Edge Theater Company Is on the Edge of a Big Change

Edge Theater’s Patty and Rick Yaconis.
Edge Theater’s Patty and Rick Yaconis. John Moore
Some theater companies preach, some educate, some exist simply to provide entertainment, whether big, brassy musicals or dated comedies with gentle jokes that  go down easy. But the Edge Theater in Lakewood has a vibe all its own, presenting a roster of plays that surprise and often excite, from thrillers like Misery, a dramatization of Stephen King’s novel, to risky shows like The Nance or the musical Murder Ballad, skillfully pulled off with a live orchestra in a tiny acting space.

Artistic director Rick Yaconis chooses his repertoire by finding terrific directors like Warren Sherrill, of the acclaimed and now-defunct Paragon Theatre, and asking what they’ve always wanted to direct, or locating some of the area’s best actors — and that list includes his talented wife, co-director Patty Yaconis — and building a show around one of them. Or several, as when Emily Davies, Emma Messenger and Patty Yaconis had the place exploding with laughter as airline attendants in Mud Blue Sky. Audiences experience the same openness. When you arrive in the bright lobby flanked by small art galleries, Rick or Patty are there to welcome you, and you recognize several devoted season-ticket holders as you take your seat. There’s an array of good food after every first night, and the Edgy awards, voted on by audience members, are given out in a lively mock Oscar party at the end of each year.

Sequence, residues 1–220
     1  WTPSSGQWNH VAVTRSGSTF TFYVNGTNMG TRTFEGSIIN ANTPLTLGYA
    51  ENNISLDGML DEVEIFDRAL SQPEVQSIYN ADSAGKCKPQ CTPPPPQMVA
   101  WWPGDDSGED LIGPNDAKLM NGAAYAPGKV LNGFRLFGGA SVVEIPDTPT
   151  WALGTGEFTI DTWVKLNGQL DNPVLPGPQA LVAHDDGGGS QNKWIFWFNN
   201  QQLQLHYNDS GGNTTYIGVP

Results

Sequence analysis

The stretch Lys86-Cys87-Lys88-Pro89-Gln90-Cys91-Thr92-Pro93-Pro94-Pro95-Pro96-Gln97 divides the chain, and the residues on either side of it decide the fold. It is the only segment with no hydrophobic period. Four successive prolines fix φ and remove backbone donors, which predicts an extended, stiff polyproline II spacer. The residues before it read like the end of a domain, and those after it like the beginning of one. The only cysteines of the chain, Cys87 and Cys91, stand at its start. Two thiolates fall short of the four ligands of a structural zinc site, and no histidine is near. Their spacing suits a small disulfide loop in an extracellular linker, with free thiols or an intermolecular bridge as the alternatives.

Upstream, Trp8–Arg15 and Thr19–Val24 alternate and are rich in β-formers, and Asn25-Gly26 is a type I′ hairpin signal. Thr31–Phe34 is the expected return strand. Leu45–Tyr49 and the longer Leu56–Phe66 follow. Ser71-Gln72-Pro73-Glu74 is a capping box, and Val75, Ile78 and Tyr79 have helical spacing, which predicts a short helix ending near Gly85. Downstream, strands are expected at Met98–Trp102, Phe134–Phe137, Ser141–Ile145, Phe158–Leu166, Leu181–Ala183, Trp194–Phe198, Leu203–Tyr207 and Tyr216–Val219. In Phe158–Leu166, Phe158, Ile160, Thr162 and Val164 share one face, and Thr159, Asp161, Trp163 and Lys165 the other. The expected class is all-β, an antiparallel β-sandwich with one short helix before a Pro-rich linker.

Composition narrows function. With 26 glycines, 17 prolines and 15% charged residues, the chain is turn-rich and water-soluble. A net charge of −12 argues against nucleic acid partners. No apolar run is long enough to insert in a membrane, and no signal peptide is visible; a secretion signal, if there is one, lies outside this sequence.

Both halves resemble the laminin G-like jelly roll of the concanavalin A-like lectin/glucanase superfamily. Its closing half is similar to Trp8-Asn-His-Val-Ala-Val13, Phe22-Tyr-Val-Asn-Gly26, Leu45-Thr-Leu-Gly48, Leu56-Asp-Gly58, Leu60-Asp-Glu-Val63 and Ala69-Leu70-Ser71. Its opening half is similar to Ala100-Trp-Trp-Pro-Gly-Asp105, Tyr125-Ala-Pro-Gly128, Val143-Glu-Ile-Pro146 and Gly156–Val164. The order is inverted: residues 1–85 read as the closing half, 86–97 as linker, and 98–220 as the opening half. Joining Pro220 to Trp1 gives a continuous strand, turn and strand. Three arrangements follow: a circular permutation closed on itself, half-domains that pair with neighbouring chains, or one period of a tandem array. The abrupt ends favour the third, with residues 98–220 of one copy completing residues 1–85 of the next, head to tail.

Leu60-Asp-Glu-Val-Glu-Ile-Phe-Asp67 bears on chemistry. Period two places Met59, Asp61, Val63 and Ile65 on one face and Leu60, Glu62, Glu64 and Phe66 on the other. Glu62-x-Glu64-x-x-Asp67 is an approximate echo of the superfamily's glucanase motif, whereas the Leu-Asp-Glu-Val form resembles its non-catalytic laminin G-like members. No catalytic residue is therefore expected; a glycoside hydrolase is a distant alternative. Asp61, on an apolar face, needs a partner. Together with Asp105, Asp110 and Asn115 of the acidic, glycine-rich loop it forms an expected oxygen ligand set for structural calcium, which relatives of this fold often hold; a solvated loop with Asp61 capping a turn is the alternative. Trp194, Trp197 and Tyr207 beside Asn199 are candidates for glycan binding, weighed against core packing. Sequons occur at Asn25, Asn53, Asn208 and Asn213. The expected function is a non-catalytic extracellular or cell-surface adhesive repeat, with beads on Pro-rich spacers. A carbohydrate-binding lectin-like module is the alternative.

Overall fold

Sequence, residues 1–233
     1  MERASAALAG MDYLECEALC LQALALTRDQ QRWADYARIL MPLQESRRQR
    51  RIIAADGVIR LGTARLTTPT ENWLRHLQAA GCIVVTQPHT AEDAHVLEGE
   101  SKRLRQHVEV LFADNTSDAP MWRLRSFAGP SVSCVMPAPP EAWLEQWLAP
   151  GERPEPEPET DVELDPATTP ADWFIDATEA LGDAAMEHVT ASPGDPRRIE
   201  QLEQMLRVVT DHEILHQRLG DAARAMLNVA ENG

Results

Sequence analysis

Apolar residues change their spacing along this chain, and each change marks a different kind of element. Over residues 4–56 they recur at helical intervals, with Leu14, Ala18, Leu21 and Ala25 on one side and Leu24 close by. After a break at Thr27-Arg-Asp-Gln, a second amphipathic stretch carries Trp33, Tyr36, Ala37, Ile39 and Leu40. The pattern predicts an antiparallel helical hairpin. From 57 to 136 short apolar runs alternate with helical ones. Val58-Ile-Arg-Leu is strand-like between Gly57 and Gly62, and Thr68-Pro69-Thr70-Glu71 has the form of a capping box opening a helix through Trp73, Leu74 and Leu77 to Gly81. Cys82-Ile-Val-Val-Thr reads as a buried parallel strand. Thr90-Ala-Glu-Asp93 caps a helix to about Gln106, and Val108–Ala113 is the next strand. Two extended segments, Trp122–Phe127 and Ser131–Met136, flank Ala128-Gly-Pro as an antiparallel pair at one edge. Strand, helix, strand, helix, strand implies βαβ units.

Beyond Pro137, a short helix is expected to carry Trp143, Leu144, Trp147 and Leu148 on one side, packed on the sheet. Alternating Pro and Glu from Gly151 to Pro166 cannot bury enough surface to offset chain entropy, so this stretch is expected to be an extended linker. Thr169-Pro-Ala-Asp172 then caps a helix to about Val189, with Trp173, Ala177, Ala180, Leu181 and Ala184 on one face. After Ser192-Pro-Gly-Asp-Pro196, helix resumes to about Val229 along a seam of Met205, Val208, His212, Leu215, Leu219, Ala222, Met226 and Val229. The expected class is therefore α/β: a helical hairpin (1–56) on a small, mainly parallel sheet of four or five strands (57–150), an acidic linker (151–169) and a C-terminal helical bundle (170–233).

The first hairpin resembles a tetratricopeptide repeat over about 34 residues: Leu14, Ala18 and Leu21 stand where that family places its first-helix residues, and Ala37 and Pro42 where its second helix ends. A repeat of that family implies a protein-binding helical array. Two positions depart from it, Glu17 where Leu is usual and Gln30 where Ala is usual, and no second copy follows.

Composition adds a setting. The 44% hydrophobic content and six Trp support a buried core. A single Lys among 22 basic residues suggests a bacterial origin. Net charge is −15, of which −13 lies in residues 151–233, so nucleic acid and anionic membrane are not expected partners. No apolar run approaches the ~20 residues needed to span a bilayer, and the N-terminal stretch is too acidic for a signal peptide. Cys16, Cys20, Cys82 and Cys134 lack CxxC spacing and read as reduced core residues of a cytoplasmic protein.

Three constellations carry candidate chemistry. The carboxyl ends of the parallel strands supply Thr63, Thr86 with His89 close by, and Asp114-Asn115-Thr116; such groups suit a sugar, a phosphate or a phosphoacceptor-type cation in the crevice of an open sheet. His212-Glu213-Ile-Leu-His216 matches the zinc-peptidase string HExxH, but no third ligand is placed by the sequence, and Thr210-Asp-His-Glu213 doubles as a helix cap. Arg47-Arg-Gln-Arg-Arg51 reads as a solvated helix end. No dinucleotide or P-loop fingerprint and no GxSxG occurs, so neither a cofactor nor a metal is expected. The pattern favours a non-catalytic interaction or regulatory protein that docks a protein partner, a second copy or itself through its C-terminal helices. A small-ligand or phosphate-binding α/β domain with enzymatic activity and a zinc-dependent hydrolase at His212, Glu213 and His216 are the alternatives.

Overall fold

The Edge is so special that it was shocking to learn that the Yaconises are handing over control of the space to a new company, Benchmark, helmed by actors Haley Johnson and Rachel Bouchard. After mounting three more plays this year and two in the spring, they will take off the rest of 2018 to reflect and recharge. They’ve been producing eight plays annually for the past seven years, and while they’ve managed to pay artists, they’ve never made enough to pay themselves, despite capacity attendance and some grant support.
Emily Paton Davies (left) and Patty Ionoff in Mud Blue Sky. - RDG PHOTORAPHY
Emily Paton Davies (left) and Patty Ionoff in Mud Blue Sky.
RDG Photoraphy
What happens next — whether the two companies will share the space in 2019 or whether the Edge will strike out into new theater ventures — is undecided. But even if something wonderful takes its place, the web of relationships and collaboration that the Yaconises have spun will be gone.

“I’ve got mixed feelings,” says Patty. “It’s hard, because we’ve spent the last seven years with these artists. I don’t think it’s really set with me yet. The older you get, you complain that there are no good roles for women. At Edge, I’ve had an opportunity for some really exciting roles. Everything I’ve done was pure joy.”

Still, she’s optimistic about the future. “I think whatever changes we make will be very positive,” she says. “It’s a matter of reinventing and working at things a little differently. We’ve put a lot of effort and love into this, and I don’t want to see that disappear.”